A new report suggests that IM service Windows Live Messenger and social-networking site Bebo are the places where younger children are most likely to come under fire from cyberbullies on the internet.
Compiled by the charity Beatbullying, it was revealed that as many as 340,000 children are being bullied online, with two-thirds of all 11 to 18 year-olds admitting they have experienced some sort of bullying on the web.
"We know the consequences of online bullying are just as traumatic as those of face-to-face bullying," said Emma-Jane Cross from beatbullying.
"We want all social networking sites, internet service providers and mobile phone companies to take measures to identify and remove offensive material."
Of those who have felt the effects of online bullying, 58 per cent were using the Windows Live Messenger service, with 32 per cent bullied while logged on to Bebo.
As for MySpace and Facebook, it was found that 10 per cent and 11 per cent of those bullied online were targetted on these sites.
A spokesperson for Microsoft said that "as with any communication service, these online communication tools are misused by a tiny minority".
As for Bebo, the service believes that bullying online and offline "is an aspect of the society we live in but [it] is committed to providing its community with the safest possible environment."
Sara Payne, a campaigner for children's safety believes that the answer to cyberbullying could lie with the parents.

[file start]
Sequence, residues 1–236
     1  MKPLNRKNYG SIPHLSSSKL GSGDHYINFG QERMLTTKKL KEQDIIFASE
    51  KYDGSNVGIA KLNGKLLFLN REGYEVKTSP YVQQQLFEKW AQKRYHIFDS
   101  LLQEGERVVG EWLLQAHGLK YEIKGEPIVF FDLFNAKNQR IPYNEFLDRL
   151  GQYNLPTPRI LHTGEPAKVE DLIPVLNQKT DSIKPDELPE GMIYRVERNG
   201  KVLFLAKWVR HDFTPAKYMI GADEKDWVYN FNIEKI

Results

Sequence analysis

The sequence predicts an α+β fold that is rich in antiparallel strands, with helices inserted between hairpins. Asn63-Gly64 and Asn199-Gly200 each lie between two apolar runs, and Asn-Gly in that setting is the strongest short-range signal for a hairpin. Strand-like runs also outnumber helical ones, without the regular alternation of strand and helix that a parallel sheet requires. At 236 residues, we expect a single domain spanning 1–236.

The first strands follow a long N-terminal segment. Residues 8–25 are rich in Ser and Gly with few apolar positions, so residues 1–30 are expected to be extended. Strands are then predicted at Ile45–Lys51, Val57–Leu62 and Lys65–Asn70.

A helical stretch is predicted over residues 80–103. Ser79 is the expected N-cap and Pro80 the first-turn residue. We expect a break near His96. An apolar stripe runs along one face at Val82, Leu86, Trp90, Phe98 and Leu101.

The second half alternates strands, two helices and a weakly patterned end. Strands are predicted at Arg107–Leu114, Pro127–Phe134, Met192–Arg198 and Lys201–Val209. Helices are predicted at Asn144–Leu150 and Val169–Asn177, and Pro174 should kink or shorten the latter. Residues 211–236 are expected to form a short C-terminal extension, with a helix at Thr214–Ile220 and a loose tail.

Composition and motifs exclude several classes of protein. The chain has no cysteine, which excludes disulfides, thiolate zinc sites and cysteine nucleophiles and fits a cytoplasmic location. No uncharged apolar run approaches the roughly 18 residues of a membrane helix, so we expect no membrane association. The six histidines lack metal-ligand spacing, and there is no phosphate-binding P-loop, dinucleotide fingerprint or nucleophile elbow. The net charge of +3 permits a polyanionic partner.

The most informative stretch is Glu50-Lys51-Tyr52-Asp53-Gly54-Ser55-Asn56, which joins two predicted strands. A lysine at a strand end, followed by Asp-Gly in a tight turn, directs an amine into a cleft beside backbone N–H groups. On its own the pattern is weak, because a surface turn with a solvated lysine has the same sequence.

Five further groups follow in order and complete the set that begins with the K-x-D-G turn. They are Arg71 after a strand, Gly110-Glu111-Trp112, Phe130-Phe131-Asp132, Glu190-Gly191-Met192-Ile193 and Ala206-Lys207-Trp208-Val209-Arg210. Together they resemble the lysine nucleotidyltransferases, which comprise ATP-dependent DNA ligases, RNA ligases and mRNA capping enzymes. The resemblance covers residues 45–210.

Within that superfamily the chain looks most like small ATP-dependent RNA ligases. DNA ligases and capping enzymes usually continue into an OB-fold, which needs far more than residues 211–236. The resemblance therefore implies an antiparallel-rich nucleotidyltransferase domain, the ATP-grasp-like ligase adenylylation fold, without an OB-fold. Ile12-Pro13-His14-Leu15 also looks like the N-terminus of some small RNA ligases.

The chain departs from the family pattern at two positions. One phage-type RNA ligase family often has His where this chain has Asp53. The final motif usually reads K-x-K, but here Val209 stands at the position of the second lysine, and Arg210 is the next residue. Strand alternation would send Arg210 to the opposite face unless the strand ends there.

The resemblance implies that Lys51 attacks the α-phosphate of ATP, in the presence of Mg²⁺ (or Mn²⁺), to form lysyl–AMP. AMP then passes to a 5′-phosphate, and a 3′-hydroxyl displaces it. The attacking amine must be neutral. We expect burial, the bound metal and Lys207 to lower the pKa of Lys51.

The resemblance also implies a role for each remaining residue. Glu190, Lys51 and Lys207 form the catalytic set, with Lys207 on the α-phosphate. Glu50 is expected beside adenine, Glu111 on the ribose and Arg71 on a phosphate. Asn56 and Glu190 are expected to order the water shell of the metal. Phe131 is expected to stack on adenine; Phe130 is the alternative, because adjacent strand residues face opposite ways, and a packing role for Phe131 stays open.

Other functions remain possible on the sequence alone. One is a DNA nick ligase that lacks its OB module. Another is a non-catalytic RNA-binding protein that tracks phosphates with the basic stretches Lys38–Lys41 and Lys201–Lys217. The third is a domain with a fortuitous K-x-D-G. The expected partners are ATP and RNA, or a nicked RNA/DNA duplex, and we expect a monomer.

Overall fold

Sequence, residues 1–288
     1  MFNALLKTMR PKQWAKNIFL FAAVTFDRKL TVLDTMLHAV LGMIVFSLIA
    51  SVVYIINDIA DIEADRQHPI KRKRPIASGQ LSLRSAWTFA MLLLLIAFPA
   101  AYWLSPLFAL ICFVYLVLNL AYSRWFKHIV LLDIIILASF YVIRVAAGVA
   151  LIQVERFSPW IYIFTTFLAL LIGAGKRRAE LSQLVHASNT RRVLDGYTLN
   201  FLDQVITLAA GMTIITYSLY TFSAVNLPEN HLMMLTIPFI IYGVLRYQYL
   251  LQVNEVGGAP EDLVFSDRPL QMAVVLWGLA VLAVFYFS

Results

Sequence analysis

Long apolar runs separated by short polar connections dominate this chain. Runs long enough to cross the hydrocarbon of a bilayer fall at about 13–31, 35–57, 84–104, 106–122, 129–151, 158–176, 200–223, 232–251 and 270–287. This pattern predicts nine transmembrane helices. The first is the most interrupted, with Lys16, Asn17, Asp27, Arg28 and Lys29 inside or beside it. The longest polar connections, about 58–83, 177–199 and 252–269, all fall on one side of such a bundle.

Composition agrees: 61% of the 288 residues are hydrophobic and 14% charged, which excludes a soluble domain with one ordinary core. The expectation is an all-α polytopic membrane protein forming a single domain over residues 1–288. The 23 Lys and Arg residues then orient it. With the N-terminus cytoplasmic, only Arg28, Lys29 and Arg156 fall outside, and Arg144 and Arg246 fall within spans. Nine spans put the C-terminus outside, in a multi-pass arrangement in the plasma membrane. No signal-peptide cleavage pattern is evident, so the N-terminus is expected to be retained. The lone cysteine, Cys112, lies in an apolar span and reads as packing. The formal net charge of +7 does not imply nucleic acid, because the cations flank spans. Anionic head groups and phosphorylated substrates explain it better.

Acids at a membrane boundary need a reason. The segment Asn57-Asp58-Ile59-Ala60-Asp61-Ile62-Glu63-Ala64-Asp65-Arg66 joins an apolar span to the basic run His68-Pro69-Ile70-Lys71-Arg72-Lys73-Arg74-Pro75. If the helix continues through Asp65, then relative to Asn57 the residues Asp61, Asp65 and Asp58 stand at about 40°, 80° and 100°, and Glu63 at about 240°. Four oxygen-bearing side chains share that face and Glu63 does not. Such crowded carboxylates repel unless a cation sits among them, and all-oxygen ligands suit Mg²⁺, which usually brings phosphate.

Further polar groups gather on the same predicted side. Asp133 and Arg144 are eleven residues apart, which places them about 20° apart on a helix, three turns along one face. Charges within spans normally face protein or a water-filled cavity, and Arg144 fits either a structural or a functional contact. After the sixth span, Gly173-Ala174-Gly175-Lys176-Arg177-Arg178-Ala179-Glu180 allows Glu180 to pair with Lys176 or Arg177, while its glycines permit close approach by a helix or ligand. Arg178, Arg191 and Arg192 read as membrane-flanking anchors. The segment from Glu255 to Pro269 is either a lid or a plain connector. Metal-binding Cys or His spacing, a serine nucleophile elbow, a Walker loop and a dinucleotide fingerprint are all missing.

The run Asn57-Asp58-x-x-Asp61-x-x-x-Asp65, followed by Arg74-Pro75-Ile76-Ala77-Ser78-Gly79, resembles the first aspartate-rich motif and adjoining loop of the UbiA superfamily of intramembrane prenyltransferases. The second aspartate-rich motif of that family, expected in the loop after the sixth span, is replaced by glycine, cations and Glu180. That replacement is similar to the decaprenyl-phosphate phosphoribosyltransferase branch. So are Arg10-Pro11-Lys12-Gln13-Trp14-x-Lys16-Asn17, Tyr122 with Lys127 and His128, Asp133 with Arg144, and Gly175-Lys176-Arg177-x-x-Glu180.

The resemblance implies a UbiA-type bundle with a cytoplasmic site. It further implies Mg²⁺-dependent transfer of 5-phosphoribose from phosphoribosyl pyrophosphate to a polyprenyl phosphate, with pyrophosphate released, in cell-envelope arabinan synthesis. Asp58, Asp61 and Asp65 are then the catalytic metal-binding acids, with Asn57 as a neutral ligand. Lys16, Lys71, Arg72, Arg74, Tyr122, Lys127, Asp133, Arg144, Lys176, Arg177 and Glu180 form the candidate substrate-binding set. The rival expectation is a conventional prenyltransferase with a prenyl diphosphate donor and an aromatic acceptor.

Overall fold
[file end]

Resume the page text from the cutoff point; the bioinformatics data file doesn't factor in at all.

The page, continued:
She suggests that some sort of monitoring on their children's activities is needed.
"I use a monitoring system that monitors everything that my children do online and I can check anytime I need to," explained Payne at the launch of Real Radio's Websafe campaign.
"I have an agreement with my children, they know it's there. If my child is being particularly secretive or sullen, I might go there to find out what's going on in their life that they won't possibly tell me face to face.
"I can then perhaps strike up a conversation."
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Marc Chacksfield is the Editor In Chief, Shortlist.com at DC Thomson. He started out life as a movie writer for numerous (now defunct) magazines and soon found himself online - editing a gaggle of gadget sites, including TechRadar, Digital Camera World and Tom's Guide UK. At Shortlist you'll find him mostly writing about movies and tech, so no change there then.